Kremer has insider tidbits about how Tom Brady is his own worst critic (and the joke-y insider ribbing from her co-hosts about Goodell has come to her in the past for “informal” conversations which sounded like she may have at one point been offered a job). Trask and Visser can discuss the business side at length and it’s worth nothing Trask early in the first episode making a point of saying she doesn’t want anyone in the NFL to have a job just because they are a woman, she wants the best people in each position regardless of background, because it read as a rejection of “female first” empowerment the We Need To Talk might be mistaken for at first glance. When Laila Ali discusses if sports make a person violent, she’s drawing not only on her experience as a fighter, she’s discussing her entire upbringing and marriage.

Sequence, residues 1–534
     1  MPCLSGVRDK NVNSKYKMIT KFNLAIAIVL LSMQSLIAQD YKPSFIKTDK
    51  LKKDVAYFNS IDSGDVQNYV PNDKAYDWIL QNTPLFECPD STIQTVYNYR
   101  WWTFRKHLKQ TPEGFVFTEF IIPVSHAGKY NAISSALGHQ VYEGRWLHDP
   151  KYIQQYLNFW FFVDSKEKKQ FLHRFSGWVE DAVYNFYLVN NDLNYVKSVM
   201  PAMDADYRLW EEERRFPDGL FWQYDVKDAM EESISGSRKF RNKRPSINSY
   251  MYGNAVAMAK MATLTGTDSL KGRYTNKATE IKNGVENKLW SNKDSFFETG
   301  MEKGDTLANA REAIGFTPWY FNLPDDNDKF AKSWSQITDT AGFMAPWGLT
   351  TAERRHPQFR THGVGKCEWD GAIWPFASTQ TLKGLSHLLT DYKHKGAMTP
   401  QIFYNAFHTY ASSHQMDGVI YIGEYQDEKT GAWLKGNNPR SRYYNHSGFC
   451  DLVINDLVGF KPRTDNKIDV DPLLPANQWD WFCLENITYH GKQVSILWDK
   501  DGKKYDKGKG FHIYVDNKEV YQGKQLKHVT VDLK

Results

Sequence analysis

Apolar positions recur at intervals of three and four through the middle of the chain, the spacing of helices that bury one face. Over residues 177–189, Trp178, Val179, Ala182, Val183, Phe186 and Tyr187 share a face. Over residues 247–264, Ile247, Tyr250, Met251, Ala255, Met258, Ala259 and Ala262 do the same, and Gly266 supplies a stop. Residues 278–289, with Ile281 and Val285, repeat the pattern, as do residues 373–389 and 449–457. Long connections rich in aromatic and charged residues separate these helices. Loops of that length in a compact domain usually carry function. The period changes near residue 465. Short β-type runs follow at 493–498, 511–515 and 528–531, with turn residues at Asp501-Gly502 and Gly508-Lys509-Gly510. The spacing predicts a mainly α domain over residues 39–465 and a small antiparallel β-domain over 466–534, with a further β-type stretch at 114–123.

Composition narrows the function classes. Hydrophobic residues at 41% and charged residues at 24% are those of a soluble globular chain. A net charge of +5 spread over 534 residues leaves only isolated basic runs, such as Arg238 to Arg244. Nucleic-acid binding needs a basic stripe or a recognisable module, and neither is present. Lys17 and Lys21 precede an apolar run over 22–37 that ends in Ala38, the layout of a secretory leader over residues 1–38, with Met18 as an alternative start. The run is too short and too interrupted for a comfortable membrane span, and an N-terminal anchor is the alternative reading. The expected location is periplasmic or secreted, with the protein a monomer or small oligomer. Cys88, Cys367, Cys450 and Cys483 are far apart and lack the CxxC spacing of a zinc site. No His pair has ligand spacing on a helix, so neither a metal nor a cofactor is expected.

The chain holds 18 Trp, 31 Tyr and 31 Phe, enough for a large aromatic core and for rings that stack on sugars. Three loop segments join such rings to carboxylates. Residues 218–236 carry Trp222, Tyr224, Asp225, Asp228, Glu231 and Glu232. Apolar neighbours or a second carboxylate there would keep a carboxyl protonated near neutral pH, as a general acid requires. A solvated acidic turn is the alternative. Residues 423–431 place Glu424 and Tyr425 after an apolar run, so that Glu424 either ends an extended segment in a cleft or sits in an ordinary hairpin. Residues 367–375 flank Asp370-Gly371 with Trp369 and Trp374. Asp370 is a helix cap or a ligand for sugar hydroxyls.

The first episode, the one where all the hosts (save Sanders who was in Africa for Right To Play work) got to speak out about domestic violence in their own lives as wives, girlfriends, daughters and friends in and around sports was as raw and open as you’ll see on any talk show, setting the standard that this is a show where genuine and honest discussions are going to happen, not setting up a joke for a chalkboard for someone to award points to at the end of the segment. That openness about their own personal lives continued the next week when discussing allowing kids to play football and what they were and weren’t doing in their own families. But instead of it sounding like a group of parents worried about bruises, it was an informed debate about what they had seen themselves as both reporters and athletes.